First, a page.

How do you find out what the insured’s policy is in a Maryland car accident?  In the old days, the only way to get the policy limits was to sue.

This was maddening.  Especially when there were laws in other jurisdictions in that refusing to offer the policy limits could be bad faith.  Insurance adjusters would refuse to tell us saying it violated the privacy of their insured which also made me want to throw a brick through a window.

recorded statements accidents

Recorded Statements Rarely Help

I’m getting another case ready for trial where I have to explain honest and consistent statements given in good faith to the insurance company that their lawyer is not trying to take completely out of context to make them stand for something very different from what I originally contemplated.

The answer, as always, is don’t give a recorded statement to the at-fault carrier. This rule should be followed in 98% of the cases I have prepared where a statement was given.

I remember learning about spoliation in law school. I never imagined how frequently these issues would affect my law practice. Particularly in truck accident cases where defendants seem to lose everything imaginable. Spoliation, for non-lawyers and new lawyers, is when the defendant purposefully or stupidly destroys evidence that it knows or should know would be relevant evidence at trial. Under Maryland law, there are many means to deter, penalize, and ameliorate the prejudicial effects of spoliation. The most common weapons, evidence sanctions, and/or corrective jury instructions, are available to Maryland trial judges as remedies to deal with acts of spoliation. These judges have wide discretion to deal with these parties that destroy evidence.

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When working up a serious truck accident case, the experienced truck accident attorney starts with a complete background check on the truck driver that you believed caused the accident. Nothing you find will be admissible against the driver. Having an awful driving record is generally not admissible in plaintiff’s case-in-chief against the driver. But such information may very well be admissible against the trucking company in a negligent hiring/training/retention/entrustment case.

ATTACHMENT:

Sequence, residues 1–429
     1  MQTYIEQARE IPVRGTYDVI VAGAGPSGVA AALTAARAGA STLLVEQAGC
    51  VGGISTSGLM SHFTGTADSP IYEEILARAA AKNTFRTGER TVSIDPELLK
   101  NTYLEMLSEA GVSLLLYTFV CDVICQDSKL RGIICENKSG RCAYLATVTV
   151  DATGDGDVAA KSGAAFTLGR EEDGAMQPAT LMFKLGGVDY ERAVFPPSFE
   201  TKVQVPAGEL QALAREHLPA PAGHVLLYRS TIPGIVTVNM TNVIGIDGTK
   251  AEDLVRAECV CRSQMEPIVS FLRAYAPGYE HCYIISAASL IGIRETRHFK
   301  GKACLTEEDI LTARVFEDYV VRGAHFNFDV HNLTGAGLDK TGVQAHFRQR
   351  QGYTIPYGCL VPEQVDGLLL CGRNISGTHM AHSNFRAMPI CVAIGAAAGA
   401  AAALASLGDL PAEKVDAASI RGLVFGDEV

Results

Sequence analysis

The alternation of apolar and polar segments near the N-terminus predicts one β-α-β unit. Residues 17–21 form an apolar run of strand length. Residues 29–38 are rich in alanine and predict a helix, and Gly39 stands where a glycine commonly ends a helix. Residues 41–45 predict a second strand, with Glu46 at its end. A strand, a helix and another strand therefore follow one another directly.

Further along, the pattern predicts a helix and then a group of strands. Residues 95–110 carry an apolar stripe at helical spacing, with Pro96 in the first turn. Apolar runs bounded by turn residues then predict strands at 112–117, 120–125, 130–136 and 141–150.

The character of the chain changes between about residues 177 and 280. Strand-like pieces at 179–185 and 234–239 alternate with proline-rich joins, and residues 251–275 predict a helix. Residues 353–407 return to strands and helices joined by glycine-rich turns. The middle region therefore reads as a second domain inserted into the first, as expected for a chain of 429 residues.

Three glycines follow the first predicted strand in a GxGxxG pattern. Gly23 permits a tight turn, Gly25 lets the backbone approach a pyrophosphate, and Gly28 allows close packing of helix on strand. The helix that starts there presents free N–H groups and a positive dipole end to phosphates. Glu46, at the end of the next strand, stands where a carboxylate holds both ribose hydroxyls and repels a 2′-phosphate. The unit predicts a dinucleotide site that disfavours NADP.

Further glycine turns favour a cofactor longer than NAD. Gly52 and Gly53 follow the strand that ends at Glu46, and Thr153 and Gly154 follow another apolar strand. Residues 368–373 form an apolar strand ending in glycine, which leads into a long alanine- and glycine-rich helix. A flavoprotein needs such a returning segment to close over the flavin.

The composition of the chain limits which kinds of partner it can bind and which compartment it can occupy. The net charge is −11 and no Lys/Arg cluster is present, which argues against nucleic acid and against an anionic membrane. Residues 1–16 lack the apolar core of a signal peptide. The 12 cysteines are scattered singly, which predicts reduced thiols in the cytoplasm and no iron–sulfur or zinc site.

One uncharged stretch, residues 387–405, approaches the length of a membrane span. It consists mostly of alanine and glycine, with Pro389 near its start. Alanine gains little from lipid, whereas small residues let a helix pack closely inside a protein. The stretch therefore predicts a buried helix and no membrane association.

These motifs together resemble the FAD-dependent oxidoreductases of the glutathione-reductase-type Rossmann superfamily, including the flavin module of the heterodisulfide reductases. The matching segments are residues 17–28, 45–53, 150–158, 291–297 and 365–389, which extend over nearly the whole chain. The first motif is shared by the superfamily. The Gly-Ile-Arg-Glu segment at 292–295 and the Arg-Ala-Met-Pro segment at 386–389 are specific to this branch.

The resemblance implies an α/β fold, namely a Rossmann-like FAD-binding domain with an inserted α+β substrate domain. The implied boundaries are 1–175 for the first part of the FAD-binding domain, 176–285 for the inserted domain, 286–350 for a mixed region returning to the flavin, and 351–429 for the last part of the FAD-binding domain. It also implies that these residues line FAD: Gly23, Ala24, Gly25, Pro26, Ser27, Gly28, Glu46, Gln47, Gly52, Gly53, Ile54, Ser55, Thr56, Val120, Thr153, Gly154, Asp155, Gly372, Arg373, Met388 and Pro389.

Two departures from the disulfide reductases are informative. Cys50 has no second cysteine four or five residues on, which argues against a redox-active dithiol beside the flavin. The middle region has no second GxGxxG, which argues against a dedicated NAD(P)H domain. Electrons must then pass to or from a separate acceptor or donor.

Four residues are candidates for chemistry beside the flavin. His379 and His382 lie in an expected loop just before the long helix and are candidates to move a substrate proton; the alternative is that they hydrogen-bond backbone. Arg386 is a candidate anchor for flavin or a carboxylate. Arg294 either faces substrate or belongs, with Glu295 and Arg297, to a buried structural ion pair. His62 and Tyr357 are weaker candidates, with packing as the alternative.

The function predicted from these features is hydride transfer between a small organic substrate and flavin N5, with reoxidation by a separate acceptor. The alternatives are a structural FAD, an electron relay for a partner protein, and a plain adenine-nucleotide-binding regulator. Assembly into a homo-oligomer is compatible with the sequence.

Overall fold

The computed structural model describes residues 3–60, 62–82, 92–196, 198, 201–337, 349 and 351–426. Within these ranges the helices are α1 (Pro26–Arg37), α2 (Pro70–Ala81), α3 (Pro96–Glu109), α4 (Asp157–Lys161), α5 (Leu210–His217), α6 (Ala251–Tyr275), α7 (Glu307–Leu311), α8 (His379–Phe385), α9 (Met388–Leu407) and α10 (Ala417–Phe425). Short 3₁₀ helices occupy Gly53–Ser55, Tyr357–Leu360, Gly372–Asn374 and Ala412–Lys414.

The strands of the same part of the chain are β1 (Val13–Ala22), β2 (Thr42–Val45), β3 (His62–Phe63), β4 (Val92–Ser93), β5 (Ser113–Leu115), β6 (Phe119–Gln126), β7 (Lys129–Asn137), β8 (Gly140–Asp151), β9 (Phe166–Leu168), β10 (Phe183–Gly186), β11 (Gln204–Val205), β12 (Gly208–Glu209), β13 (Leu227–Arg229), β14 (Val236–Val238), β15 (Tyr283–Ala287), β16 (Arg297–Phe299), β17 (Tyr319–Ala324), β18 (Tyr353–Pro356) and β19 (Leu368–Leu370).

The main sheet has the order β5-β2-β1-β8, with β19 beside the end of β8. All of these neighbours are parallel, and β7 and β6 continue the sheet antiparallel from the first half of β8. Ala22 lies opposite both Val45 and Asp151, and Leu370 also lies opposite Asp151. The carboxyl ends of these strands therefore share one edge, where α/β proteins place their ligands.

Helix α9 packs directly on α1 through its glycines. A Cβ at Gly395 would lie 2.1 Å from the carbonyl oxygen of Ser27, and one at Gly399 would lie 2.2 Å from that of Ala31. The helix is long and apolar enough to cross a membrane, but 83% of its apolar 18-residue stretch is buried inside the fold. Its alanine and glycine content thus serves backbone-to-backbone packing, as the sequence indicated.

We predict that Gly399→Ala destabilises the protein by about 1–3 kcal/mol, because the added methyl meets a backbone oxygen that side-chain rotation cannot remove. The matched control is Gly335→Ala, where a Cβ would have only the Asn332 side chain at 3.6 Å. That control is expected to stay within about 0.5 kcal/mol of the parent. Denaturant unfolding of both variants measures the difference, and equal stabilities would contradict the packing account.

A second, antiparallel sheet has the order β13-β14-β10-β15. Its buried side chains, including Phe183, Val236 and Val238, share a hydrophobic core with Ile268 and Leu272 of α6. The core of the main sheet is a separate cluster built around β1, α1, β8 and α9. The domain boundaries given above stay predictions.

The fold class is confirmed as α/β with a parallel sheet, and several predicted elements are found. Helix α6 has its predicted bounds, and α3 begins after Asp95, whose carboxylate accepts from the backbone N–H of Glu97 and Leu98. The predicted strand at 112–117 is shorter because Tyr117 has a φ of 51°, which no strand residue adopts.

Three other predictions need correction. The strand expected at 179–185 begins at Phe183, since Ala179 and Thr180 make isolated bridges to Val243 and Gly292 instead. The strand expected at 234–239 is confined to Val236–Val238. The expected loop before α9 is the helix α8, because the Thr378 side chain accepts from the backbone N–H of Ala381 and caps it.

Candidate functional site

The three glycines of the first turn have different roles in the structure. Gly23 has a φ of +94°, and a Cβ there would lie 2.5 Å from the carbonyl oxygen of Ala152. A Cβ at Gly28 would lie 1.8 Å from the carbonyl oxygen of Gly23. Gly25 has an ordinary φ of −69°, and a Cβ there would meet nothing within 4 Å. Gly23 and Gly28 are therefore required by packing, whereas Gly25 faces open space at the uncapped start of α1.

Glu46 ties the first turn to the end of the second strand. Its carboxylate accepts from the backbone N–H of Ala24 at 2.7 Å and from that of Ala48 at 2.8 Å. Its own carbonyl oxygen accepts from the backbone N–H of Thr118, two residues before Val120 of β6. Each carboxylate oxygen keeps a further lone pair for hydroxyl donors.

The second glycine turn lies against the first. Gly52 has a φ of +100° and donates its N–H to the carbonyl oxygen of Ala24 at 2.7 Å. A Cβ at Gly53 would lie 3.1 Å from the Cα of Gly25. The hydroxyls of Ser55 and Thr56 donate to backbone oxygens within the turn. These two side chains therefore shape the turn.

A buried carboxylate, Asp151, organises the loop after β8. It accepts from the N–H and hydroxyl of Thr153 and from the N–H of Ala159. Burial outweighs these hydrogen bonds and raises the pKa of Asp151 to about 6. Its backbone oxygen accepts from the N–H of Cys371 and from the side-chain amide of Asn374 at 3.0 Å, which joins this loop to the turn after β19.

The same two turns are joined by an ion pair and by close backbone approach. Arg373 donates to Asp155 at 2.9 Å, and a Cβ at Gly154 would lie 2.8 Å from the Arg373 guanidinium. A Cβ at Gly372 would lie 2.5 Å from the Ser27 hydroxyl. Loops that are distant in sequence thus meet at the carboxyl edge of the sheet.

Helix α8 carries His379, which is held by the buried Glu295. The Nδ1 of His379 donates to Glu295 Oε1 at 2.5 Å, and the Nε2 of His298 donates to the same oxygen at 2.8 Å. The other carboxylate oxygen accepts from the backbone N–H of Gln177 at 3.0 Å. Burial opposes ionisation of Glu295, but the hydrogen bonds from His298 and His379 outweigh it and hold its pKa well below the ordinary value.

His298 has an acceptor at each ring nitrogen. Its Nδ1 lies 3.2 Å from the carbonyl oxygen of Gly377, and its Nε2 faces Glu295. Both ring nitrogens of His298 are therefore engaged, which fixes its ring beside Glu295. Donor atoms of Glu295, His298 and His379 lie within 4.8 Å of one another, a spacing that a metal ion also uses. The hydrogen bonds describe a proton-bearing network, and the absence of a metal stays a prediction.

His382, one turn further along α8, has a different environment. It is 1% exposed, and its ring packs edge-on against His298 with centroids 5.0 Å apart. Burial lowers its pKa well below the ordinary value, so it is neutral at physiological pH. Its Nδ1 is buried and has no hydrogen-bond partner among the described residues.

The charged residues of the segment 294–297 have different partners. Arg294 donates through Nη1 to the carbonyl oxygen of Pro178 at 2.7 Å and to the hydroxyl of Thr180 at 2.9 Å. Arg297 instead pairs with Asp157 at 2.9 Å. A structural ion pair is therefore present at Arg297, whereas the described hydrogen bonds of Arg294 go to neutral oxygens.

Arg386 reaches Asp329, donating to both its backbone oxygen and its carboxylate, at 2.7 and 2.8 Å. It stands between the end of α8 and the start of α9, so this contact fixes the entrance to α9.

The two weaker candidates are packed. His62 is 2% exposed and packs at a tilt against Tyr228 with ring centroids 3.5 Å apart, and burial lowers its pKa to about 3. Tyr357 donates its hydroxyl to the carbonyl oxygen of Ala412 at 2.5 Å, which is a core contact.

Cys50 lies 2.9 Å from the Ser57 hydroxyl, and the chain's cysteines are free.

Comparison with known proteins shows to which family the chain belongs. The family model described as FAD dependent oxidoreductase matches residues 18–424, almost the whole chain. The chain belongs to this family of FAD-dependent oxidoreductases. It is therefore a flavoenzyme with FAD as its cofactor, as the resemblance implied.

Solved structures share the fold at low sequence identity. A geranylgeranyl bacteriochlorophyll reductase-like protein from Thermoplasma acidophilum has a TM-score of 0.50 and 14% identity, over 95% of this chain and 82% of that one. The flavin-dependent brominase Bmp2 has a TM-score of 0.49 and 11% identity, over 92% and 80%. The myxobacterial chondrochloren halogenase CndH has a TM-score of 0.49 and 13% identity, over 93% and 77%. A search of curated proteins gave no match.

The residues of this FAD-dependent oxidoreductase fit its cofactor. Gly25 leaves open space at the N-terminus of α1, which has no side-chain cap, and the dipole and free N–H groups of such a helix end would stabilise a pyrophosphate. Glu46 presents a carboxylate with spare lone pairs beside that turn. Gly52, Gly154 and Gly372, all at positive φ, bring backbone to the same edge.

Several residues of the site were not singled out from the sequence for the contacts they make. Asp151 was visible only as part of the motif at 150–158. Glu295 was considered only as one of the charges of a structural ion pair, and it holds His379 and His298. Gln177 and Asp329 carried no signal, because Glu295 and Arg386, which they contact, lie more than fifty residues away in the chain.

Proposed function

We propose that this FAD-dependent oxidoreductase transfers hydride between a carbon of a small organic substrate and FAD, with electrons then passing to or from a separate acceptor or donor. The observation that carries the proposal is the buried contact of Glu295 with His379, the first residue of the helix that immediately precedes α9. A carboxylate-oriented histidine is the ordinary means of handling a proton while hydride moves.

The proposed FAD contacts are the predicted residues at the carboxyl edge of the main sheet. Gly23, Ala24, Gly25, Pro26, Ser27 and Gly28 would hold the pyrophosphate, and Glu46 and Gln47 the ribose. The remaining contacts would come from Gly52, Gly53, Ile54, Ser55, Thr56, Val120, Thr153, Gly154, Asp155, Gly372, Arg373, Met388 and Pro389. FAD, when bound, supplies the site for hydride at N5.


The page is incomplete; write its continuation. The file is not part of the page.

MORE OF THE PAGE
There is one other way to get bad, prior conduct from the defendant truck driver into evidence: let him (usually him) lie about it. A lot of truck drivers I have deposed don’t come prepared to tell the entire truth, and although the case is about someone they killed or seriously hurt, they assume the plaintiff’s lawyer has not done their homework and they can fudge history a little bit. This can make a mountain out of a molehill.

Another place you find the truck driver failing to tell the truth is during his criminal trial. You can sometimes find outrageously good nuggets in the transcript when the truck driver was doing anything he could to avoid a conviction. If you have clear lies under oath, the jury will assume – probably correctly – that anything the truck driver says at trial may be a lie.

More and more police departments in Maryland are joining the rest of us in 2012 and making car accident police reports available online. Calvert County police reports for car crashes will generally be available within 5-7 business days after the date of the accident.

This is that rare development in car accident cases that is a win-win for everyone: car accident lawyers, insurance companies, and the drivers themselves can get police reports with much greater ease.

To get an accident report in Calvert County, go to their website.